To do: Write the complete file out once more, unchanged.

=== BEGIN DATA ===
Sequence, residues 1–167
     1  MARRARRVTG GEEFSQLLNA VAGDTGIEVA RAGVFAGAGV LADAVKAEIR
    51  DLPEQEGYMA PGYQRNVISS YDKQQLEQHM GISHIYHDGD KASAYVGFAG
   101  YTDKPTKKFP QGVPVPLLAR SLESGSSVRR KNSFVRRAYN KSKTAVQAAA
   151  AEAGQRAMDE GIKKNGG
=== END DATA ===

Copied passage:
Sequence, residues 1–167
     1  MARRARRVTG GEEFSQLLNA VAGDTGIEVA RAGVFAGAGV LADAVKAEIR
    51  DLPEQEGYMA PGYQRNVISS YDKQQLEQHM GISHIYHDGD KASAYVGFAG
   101  YTDKPTKKFP QGVPVPLLAR SLESGSSVRR KNSFVRRAYN KSKTAVQAAA
   151  AEAGQRAMDE GIKKNGG